I’m re-reading Heartburn by Nora Ephron because if any sentence can shove you out of writer’s block and into a room where you have no option to create something just as good as the thing you’ve just read, it’s her casual description of the “other woman” on page 2.
Contrary to multiple acquaintances’ declarations that I would encounter “some real weirdos” on the train, the first person I met on board my first sleeper car after boarding the train in Penn Station was a man in a sparkly cardigan and leather pants who breezily identified himself as “a prophet,” which is perhaps the world’s second-oldest profession. And forgive me if I find nothing “weird” about being gainfully employed under a supervisor with the kind of multinational name recognition God has.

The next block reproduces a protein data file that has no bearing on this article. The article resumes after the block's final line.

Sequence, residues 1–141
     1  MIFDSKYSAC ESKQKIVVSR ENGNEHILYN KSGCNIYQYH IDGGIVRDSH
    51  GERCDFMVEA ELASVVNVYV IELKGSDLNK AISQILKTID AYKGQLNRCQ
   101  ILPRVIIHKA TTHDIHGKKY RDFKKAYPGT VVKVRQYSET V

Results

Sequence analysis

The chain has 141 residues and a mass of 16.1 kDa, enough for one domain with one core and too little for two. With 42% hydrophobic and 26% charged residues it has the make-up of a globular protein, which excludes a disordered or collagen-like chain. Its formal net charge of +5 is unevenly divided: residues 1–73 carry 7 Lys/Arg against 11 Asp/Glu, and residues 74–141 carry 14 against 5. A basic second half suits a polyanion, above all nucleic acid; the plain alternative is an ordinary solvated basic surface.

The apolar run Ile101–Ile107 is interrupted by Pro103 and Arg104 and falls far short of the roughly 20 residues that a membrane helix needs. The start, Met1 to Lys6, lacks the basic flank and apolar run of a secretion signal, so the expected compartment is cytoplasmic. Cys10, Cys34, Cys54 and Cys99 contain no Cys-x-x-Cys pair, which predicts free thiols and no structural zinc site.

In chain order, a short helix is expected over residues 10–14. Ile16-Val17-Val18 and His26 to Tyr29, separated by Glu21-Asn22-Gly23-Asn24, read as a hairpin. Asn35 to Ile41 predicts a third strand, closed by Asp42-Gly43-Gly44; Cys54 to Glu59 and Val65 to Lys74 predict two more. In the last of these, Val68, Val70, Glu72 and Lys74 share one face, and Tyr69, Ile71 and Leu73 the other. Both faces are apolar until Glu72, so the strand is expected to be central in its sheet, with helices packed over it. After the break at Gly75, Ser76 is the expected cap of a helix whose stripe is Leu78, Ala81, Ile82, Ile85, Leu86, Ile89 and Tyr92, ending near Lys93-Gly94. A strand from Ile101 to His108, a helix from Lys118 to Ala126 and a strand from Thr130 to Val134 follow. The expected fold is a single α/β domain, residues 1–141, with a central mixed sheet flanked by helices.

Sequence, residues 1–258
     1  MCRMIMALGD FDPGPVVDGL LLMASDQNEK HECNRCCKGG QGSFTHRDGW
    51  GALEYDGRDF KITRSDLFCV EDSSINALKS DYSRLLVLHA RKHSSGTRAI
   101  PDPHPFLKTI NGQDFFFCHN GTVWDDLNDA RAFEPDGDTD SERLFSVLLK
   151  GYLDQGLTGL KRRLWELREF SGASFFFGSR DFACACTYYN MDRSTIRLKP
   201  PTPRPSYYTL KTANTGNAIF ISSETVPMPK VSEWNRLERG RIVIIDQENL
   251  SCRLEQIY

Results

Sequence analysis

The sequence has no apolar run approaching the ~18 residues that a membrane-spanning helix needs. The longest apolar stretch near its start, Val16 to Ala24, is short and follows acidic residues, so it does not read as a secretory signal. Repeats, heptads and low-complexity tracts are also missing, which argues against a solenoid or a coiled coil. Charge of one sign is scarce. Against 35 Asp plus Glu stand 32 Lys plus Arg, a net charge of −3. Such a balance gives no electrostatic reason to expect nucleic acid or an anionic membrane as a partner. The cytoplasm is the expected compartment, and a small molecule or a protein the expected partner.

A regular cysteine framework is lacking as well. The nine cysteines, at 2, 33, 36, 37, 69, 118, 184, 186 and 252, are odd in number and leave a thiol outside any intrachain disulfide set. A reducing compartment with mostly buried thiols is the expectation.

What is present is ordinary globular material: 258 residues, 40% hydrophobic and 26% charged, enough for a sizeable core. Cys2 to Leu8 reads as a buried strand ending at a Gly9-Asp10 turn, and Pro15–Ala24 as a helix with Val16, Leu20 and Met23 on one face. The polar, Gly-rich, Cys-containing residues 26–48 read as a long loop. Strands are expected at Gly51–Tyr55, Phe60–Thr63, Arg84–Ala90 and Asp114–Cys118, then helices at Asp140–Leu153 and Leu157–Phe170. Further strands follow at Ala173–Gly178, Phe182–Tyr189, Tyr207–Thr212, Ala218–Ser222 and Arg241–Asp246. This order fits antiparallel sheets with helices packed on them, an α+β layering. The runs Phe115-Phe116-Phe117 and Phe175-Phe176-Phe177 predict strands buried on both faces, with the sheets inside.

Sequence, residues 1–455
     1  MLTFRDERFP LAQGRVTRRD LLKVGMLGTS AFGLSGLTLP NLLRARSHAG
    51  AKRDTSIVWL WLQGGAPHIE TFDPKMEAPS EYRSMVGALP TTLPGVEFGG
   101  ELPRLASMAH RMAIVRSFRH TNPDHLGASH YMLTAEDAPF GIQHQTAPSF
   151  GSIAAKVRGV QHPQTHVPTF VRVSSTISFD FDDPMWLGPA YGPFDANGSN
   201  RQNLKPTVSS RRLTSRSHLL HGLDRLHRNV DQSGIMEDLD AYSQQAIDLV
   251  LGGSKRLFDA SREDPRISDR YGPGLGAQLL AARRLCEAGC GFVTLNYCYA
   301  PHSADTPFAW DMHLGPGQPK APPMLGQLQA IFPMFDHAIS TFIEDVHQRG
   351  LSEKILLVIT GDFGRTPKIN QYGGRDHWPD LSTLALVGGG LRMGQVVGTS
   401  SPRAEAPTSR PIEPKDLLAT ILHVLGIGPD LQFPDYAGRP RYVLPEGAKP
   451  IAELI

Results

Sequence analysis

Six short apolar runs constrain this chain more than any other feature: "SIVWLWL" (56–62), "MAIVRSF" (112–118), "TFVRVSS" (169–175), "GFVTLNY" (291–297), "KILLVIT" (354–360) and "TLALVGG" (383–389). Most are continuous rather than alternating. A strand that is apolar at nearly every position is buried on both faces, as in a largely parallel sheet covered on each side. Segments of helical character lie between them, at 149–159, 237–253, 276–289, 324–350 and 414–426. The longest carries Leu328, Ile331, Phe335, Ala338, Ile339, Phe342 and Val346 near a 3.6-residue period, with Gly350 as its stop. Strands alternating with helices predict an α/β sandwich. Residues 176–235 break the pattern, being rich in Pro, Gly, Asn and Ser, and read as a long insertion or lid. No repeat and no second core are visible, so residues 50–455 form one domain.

As he doubtless expected, the prophet and I were in opposite Viewliner roomettes — private compartments Amtrak describes as “designed for one or two passengers,” although a roomette is both narrower and shorter than a standard porta potty.There Is No Reason To Cross America By Train — But I Did It Anyway – New York Times
When they bring lunch back to their desks, they know not to buy green bananas.Inside The Two Years That Shook Facebook – Wired
When I was head of editorial at lastminute.com, I added a banned words list to the website and blog writing guidelines. Because when you describe every destination in the world as ‘unique’ and ‘off the beaten track’, you’re not really describing anything at all.
So I was pretty pleased to see someone tweeting an excerpt from the Guardian’s style guide, where they’ve got a similarly no-bullshit approach to the word ‘iconic’.
…and please can someone tell them to stop?